Can anything be done about vacant and abandoned commercial buildings? (Part II)

The city has made some recent changes on this front, but they don't apply to buildings on our part of Central so much

Some cities impose extra taxes and fees on vacant buildings, though implementation is difficult

Other ideas include creating a generally friendlier business environment or getting the city involved as a real estate developer
Editor's note: Last week, we surveyed the general situation with vacant and abandoned buildings around Greater Downtown (especially Central), talked to the owner of one such structure, and explored why they seem to be exempt from the laws of supply and demand. Today, we look at how the city approaches the problem, what other cities do, and what we might learn from them.
Back in 2016, City Councilors Pat Davis and Don Harris found themselves fielding lots of complaints about a series of vacant and run-down commercial buildings in their adjacent districts, which cover the area roughly from UNM to Tramway and south to the city limits, including a seven-mile stretch of Central. The buildings attracted homeless encampments, sometimes featured the decaying carcasses of animals, and resulted in frequent calls to police.

"It drags down our quality of life," Harris told the Journal at the time. (He has since retired from the council.)

Fed up with the situation, the duo successfully shepherded a bill through the City Council slapping a series of new requirements on building owners: Keep the weeds down, fix broken building facades, get ahold of flaking paint, fix broken doors and windows, cover up graffiti, and make sure the outdoor lighting is up to code, among other rules.

The bill, which then applied only to the two councilor's districts, passed, and Mayor Richard Berry signed it on May 3, 2017.

The requirements boiled down to "you have to be a good neighbor," Davis told DAN. The goal was to keep buildings at least up to the point where "somebody could sign a lease, walk in, and get going."

The plan had some success. Within two years, 18 owners of problem structures had decided to sell, two had been torn down, and four had been taken to court, Davis said. The council subsequently took the ordinance citywide, something he counts as a victory not just for functioning buildings but also for neighboring commercial ventures.

"It helped the business owner focus on their business and not clean up their neighbor's mess," he said.

The array of options, such as it is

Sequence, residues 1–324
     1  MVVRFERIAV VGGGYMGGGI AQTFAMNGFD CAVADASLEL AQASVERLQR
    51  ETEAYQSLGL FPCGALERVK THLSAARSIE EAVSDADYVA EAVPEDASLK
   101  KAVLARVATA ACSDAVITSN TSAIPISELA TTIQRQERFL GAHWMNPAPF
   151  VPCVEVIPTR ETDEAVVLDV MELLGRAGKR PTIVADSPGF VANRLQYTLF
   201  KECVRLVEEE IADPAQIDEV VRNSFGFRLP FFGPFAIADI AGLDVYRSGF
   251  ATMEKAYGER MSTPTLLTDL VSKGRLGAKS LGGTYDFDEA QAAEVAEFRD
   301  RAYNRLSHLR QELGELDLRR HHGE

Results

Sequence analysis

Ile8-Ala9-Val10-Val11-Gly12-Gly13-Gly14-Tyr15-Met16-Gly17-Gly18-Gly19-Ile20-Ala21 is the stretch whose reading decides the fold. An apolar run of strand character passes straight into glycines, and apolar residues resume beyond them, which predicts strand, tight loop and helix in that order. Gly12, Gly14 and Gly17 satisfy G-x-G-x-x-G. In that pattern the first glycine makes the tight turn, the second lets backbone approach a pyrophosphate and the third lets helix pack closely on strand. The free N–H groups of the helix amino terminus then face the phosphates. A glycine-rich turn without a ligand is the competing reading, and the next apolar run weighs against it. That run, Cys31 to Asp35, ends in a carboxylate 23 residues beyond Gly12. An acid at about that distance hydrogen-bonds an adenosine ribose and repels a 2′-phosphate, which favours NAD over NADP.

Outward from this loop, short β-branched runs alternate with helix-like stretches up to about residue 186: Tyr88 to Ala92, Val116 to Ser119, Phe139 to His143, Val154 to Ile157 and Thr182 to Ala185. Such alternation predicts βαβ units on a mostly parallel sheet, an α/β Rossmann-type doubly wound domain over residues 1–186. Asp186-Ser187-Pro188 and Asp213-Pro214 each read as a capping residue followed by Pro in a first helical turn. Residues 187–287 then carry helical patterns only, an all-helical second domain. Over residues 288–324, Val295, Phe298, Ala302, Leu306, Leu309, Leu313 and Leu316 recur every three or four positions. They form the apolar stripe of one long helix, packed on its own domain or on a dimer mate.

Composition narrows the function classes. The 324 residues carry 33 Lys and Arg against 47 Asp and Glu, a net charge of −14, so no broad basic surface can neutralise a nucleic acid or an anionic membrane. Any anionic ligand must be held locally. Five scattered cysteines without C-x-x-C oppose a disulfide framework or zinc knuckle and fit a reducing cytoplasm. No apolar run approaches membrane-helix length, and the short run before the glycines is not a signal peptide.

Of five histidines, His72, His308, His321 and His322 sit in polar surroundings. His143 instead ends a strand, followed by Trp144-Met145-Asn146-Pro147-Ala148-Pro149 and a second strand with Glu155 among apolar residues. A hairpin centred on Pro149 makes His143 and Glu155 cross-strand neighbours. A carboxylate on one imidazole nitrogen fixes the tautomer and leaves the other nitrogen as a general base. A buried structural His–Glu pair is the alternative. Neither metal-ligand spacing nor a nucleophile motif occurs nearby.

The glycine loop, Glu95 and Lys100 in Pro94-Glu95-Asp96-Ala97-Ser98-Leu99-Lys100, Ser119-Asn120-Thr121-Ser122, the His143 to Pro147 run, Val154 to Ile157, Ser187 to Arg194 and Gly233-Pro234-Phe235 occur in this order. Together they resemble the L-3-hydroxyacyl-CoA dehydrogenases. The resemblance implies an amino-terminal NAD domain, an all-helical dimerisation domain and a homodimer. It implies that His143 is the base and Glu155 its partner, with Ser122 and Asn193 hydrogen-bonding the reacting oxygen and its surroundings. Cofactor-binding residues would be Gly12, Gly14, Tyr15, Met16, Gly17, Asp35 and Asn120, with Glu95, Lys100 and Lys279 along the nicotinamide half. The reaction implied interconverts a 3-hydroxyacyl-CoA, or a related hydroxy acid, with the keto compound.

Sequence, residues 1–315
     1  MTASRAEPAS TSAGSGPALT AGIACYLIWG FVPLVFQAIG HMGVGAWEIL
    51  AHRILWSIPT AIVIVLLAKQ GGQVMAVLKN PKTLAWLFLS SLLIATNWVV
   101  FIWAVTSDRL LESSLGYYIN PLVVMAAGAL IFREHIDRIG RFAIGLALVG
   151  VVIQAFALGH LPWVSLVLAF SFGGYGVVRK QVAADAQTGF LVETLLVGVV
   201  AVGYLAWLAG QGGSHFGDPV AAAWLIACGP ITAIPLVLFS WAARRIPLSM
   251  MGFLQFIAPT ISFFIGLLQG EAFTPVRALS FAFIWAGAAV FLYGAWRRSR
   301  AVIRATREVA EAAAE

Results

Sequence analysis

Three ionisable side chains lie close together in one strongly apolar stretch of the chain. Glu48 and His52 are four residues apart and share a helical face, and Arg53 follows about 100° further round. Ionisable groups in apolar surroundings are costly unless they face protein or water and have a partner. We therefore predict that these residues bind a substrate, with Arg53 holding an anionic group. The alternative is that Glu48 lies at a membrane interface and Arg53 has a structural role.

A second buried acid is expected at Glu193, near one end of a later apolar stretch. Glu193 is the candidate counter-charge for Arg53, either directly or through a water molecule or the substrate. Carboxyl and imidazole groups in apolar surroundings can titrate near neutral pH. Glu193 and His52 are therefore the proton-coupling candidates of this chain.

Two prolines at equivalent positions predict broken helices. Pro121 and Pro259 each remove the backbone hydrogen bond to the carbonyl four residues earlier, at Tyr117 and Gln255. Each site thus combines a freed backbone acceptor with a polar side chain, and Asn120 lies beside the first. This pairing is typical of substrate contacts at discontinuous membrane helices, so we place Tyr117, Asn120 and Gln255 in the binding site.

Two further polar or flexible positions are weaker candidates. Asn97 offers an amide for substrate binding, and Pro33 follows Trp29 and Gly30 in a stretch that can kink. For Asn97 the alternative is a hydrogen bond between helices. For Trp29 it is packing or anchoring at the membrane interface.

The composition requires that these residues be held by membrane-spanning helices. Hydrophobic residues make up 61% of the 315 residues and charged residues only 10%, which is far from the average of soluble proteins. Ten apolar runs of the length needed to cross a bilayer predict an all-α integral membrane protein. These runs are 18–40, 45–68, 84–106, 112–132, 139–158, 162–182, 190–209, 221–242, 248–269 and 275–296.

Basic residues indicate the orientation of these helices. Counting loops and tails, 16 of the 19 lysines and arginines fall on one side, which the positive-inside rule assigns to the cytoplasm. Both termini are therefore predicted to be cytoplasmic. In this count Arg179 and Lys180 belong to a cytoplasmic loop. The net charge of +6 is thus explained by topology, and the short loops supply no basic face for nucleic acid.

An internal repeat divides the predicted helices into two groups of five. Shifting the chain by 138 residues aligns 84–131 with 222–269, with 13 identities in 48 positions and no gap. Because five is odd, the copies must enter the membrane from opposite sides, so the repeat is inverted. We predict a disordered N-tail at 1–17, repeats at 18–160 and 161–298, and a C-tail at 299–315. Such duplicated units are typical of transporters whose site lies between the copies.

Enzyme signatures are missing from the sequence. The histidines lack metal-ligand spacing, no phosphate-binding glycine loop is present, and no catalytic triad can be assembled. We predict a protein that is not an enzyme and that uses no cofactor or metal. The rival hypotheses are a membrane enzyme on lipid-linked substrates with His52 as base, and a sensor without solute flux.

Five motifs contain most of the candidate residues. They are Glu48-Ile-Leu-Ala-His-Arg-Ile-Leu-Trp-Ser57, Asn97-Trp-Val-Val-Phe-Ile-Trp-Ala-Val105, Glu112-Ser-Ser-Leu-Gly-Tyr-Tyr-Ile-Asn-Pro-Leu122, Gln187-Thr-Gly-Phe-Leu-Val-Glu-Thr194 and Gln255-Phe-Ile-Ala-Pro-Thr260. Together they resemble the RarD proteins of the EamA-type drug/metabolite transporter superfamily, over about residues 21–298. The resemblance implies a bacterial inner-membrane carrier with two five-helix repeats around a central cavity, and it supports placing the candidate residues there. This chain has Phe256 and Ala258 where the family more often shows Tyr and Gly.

Though it is one of the newer ones, Davis's ordinance is not the only tool for dealing with vacant properties, particularly when things get out of control.

For example, if someone is breaking into a vacant building and running an informal brothel on the premises, or a drug manufacturing operation, or any number of 80 other offenses that qualify as a nuisance, the city can force the property owner to fix the situation under penalty of fines or even a jail term of up to 90 days.

Finally, for properties that are completely abandoned for at least three years, there is a procedure for the state to eventually sell the property to cover the unpaid taxes.

But here's the problem: The vacant Downtown area buildings we cataloged last week (and many more we didn't have space for) may elicit more than their share of complaints, but they are not generally dilapidated to the point of having city ordinances kick in and they do not appear to meet the definition of a nuisance. (Exceptions to the dilapidated rule include the Kress Building and former Café Oaxaca, and we will investigate those further in the coming weeks.) And so far as can be discerned from an extensive search of property tax records, the owners all appear to be quite scrupulous about paying their bills. 

In other words, things may be bad enough to ruin the vibe, but ruining the vibe does not in itself violate city ordinances. 

"If there's no calls for service and they're keeping the property maintained, there's really nothing the city can do," said Pete Dinelli, who headed up a nuisance abatement program called the Safe City Strike Force for former Mayor Martin Chávez. Among many other projects, the program was behind the demolition of a square block's worth of homes in Wells Park, and the vacant land is now slated to become a park.

The program, which generally enjoyed an aggressive reputation, subsequently evolved into ADAPT under Mayor Tim Keller (DAN, 10/19/20). Dinelli is no fan, believing that ADAPT could do more, but he still doesn't hold out much hope for doing something about the structures Downtown. 

"I believe in being proactive," he said, "but the reality is you have to have a legal basis to do that."

Carrots and sticks
Local governments do have other options if they're trying to get a handle on vacant commercial buildings, and typically, that starts with creating a compulsory registry, which acts both as a big convenient list and a foundation on which all sorts of other policies can be built.